I want to express my concern regarding the dissent over the reauthorization of the Violence Against Women Act (VAWA) and urge you to support this important piece of legislation. Since its inception in 1994, VAWA funded programs and services have positively impacted the lives of many individuals, dramatically reduced the rates of intimate partner homicide, and provided training to those working with victims so that reporting has become safer. There is much left to do; our culture still focuses on victim blaming. Victims do not feel safe coming forward due to stigma and social pressure to remain silent, and when they do come forward we often fail them as a society. We are still becoming aware of the extent of interpersonal violence in a variety of social sectors.
The reauthorization of VAWA (S.1925) is more inclusive in scope, increasing provision of services to LGBTQ, undocumented individuals, and Native American women while still maintaining broad services for the populations identified in the initial legislation. Despite these expansions in populations served by VAWA there are $166M in proposed reductions. The inclusion of specific populations is supported by what we know from research about who is at risk for victimization, as well as which populations experience the greatest barriers to seeking help. This is a humanist issue not a political position on what constitutes a family or who belongs where. No one deserves to experience violence. The fewer barriers we create between a victim and help, the sooner they can begin to rebuild effectively.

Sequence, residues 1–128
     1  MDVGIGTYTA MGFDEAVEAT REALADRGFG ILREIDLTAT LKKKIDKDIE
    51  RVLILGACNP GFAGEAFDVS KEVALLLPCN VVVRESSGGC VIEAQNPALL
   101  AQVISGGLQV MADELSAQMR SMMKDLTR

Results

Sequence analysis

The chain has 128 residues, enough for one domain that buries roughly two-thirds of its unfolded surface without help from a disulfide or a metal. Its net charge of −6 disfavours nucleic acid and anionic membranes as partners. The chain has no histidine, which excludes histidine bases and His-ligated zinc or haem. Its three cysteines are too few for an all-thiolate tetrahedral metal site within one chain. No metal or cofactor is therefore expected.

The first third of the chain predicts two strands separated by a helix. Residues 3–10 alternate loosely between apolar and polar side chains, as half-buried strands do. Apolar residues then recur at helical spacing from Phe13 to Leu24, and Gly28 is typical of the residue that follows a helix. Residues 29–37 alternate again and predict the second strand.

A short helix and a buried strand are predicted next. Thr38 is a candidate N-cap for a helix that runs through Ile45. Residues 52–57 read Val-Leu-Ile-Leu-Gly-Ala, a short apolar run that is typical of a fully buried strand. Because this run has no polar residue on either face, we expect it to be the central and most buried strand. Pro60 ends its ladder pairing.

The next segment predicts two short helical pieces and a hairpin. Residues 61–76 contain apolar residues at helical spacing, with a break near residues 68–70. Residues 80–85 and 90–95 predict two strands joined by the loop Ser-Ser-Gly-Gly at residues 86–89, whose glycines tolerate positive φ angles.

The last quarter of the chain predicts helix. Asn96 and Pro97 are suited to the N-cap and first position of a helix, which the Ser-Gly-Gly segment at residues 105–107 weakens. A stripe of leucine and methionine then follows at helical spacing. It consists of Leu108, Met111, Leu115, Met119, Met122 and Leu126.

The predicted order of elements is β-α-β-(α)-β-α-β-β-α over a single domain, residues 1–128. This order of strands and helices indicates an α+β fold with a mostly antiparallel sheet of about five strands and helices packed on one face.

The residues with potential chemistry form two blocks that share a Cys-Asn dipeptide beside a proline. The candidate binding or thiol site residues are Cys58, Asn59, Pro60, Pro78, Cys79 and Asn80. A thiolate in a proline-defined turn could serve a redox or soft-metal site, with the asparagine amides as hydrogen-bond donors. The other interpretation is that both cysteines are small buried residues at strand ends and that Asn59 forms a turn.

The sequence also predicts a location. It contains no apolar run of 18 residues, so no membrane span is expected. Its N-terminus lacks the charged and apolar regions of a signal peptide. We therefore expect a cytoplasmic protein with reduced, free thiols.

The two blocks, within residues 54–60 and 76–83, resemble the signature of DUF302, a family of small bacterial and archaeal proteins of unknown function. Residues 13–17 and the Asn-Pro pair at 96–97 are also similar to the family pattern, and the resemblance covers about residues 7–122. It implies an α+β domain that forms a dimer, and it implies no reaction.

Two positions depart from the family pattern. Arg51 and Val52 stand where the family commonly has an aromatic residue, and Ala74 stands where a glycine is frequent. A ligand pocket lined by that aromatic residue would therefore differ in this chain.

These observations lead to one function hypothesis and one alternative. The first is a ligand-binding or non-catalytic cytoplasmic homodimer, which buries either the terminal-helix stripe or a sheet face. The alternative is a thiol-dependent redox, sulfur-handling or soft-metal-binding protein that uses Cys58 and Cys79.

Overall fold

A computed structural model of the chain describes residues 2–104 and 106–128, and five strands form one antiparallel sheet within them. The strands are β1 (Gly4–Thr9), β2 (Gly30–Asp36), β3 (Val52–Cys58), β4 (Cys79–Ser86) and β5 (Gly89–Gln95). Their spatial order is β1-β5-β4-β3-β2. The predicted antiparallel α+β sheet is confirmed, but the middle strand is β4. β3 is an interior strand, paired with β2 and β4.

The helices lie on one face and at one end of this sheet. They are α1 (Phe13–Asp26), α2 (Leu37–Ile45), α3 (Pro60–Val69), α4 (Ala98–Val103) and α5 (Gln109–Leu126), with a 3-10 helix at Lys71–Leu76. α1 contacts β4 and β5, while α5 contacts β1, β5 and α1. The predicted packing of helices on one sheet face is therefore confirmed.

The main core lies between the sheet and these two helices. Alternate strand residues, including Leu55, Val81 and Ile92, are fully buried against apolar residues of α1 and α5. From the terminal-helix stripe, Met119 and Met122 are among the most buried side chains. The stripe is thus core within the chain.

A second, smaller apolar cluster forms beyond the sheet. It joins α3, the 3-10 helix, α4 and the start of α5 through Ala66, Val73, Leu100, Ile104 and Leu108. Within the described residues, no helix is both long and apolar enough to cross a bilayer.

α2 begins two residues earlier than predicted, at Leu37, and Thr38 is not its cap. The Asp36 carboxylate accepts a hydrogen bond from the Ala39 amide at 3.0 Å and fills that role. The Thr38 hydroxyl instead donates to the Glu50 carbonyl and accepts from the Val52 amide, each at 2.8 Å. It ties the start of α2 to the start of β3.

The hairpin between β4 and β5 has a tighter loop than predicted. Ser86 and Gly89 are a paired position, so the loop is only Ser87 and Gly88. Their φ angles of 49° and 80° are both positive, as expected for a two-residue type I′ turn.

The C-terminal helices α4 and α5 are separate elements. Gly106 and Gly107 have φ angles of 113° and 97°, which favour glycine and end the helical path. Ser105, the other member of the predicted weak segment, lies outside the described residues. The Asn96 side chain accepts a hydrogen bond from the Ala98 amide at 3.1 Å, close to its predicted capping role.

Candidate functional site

Here we have a proposal that expends some services, streamlines others, and casts a wider net to help reduce interpersonal violence in ways that illustrate responsible consideration of the demographics of those needing services. Please support the reauthorization of VAWA, even if you don’t agree with an inclusive definition of family or are upset that abusers bring their partners into this country illegally. Please allow yourself to explore this from a more humanist perspective and support movement towards a cultural norm of interpersonal non-violence regardless of race, ethnicity, class, gender, sexual orientation, religion, immigration status, or any other factor. Victims of violence do not choose to be victims any more than they choose their race or sex.
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